AADL does not reimburse clients or pay for incontinence supplies purchased before an AADL authorizer has completed an authorization.

Bathroom equipment

Your authorizer will review appropriate equipment choices with you and arrange for trial equipment to be delivered to your home. This is a “dry” trial to ensure the equipment fits your child and your bathroom.

  • Upon successful trial, the authorizer will complete an equipment authorization and submit it to AADL for processing.

Follow these healthy bladder tips –

  • limit alcohol intake
  • limit tobacco intake
  • limit caffeine intake
  • maintain healthy weight
  • maintain good fluid intake (8–10 glasses daily)
  • limit foods high in acid content (e.g., tomatoes)
  • exercise on a regular basis
  • practice pelvic floor exercises regularly (Kegel exercises)
  • practice bladder retraining

Note: the term “void” means to urinate or empty the bladder.

  1. Take regular bathroom breaks to avoid overstretching your bladder – To promote a healthy bladder, it is best to have bathroom breaks every 3–4 hours during waking hours. Holding the urge to void stretches the bladder and can promote incontinence.
  2. Drink 8–10 glasses of “good” fluids daily (water, milk, juice, herbal tea) – Many people think if they limit their fluid intake, they will not have to visit the bathroom as often or experience as much wetting. Actually, not drinking enough fluids can increase the need to void, increasing incontinence. Dehydration can also promote the development of urinary tract infections.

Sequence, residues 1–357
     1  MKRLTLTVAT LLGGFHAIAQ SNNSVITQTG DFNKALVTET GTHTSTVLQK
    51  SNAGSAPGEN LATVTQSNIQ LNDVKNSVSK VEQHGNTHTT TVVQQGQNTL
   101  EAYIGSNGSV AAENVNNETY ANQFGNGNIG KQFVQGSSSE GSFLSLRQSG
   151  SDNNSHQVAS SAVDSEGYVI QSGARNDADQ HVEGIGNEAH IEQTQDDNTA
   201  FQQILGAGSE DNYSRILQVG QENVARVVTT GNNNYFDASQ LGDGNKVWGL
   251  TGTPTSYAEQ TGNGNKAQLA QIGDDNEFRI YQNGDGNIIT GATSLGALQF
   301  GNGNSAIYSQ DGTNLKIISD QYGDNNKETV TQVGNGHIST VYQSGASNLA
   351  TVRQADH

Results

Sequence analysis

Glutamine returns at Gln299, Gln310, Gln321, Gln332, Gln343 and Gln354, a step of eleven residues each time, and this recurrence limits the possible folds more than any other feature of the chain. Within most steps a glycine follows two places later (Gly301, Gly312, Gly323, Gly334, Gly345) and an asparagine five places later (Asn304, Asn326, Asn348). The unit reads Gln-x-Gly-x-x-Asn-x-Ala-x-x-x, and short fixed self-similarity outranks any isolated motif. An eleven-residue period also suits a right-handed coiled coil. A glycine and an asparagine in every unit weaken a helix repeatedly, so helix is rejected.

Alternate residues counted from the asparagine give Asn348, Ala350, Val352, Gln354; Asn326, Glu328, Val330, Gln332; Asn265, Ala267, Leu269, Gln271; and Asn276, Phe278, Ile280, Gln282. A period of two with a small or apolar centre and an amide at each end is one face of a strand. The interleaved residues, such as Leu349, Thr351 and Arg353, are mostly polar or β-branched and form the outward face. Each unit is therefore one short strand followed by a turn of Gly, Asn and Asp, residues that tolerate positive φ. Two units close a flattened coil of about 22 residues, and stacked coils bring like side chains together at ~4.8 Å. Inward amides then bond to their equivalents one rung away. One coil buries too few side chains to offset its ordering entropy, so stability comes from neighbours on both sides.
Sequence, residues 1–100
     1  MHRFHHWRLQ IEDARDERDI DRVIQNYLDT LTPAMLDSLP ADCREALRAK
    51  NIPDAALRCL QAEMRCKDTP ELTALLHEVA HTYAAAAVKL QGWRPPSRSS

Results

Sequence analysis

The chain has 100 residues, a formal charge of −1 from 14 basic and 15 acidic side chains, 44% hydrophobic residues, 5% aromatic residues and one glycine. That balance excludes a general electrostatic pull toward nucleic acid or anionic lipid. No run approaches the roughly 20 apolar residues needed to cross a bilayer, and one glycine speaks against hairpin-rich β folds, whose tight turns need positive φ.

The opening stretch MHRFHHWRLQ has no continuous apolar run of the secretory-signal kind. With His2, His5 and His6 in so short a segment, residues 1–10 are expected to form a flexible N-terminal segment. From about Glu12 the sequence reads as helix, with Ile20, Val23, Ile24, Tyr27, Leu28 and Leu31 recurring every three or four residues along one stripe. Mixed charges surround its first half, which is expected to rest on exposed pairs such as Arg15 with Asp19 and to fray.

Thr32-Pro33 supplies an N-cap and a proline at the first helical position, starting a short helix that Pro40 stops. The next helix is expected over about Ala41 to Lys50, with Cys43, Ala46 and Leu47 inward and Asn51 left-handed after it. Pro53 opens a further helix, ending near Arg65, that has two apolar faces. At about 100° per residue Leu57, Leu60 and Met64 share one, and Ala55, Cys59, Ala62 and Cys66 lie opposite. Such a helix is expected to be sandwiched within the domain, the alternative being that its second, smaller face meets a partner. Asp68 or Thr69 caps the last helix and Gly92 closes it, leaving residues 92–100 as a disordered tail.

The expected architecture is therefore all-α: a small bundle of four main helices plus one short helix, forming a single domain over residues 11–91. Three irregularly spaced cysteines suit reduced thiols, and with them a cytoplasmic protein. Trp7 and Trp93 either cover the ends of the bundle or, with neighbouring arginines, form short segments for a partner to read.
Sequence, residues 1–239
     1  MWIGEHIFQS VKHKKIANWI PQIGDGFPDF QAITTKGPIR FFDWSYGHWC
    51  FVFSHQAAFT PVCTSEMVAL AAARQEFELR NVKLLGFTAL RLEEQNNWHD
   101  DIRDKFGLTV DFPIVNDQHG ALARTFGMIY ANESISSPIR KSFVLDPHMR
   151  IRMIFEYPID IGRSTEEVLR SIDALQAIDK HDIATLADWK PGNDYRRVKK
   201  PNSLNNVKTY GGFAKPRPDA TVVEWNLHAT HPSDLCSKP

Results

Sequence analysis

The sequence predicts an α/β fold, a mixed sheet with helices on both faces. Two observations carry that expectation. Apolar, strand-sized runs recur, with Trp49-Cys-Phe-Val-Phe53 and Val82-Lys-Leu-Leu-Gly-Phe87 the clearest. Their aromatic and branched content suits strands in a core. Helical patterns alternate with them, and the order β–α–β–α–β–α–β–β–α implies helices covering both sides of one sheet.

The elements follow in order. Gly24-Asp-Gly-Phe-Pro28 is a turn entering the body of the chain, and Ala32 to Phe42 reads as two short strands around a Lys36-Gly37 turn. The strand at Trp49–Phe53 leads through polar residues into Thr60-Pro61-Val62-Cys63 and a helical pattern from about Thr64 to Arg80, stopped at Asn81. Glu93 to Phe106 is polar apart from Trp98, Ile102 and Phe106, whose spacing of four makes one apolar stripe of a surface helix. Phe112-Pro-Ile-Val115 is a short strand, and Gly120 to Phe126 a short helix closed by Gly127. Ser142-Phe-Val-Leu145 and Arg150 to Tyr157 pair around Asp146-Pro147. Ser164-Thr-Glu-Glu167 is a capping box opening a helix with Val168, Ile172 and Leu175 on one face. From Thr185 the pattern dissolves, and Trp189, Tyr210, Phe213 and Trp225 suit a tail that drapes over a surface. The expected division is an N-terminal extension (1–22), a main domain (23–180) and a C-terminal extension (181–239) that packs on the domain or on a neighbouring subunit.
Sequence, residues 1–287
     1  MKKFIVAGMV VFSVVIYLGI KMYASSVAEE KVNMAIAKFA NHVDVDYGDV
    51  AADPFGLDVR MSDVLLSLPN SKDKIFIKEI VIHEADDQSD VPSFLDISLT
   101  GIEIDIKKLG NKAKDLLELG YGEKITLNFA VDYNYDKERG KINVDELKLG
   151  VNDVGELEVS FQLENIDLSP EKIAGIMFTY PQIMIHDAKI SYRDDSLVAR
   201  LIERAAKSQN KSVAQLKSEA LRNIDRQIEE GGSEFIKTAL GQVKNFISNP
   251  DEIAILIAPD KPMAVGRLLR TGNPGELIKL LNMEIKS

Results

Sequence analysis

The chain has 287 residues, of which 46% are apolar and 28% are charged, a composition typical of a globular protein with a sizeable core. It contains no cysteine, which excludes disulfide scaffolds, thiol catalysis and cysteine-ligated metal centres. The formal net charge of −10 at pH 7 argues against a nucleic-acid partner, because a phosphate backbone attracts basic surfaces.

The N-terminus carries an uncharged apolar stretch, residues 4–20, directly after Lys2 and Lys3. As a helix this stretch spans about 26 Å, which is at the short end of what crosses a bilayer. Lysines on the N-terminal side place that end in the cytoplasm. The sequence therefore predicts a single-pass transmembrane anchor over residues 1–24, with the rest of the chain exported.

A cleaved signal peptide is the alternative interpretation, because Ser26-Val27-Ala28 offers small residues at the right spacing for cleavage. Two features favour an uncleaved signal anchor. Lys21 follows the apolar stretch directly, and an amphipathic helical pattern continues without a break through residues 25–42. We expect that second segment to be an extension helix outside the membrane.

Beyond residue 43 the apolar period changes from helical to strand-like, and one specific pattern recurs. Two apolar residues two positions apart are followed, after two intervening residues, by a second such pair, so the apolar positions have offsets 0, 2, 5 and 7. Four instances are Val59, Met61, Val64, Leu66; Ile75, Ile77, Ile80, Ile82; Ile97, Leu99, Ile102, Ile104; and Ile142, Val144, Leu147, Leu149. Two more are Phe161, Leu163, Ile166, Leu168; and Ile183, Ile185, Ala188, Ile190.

3. Drink fluids throughout the day and limit fluids late at night – Limiting your fluid intake at night will decrease the workload on your bladder and prevents voiding during the night. For example, after 8 p.m. try to limit your fluid intake.
  4. Limit caffeine intake – Caffeine is a bladder irritant. When you drink coffee, caffeinated tea and colas, you jumpstart the bladder, causing frequent trips to the bathroom. Beverages containing caffeine dehydrate rather than hydrate. It is best to decrease or eliminate caffeinated beverages. Remember, each cup of caffeinated beverage needs to be replaced with two glasses of “good” fluids.
  5. Avoid constipation – When you are constipated, the bowels put more pressure on the bladder. This pressure can promote incontinence. It is best to maintain a regular bowel routine. If you need help getting started, consult a health care professional such as a registered nurse, pharmacist or a physician.
  6. Exercise regularly as regular exercise promotes strong pelvic muscles – Strong pelvic muscles promote bladder continence. Walking, for example, encourages the movement of feces through the bowel and promotes regularity.
  7. Practice pelvic floor exercises (Kegels) – Strong pelvic floor muscles promote a healthy bladder. Practicing Kegels on a regular basis keeps the bladder muscles toned. This helps promote and maintain bladder continence. If you need help getting started, consult a health care professional such as a registered nurse, occupational therapist or physiotherapist.
  8. Use appropriate bathroom equipment – Specialized commodes can support an adult who is unable to sit safely without assistance. See your health care professional for a bathroom assessment and information on equipment options.

Note: If you have trouble following any of these health tips, please make an appointment with a Nurse Continence Advisor (NCA) or a family physician for further assessment.

More information

If you have any questions, contact AADL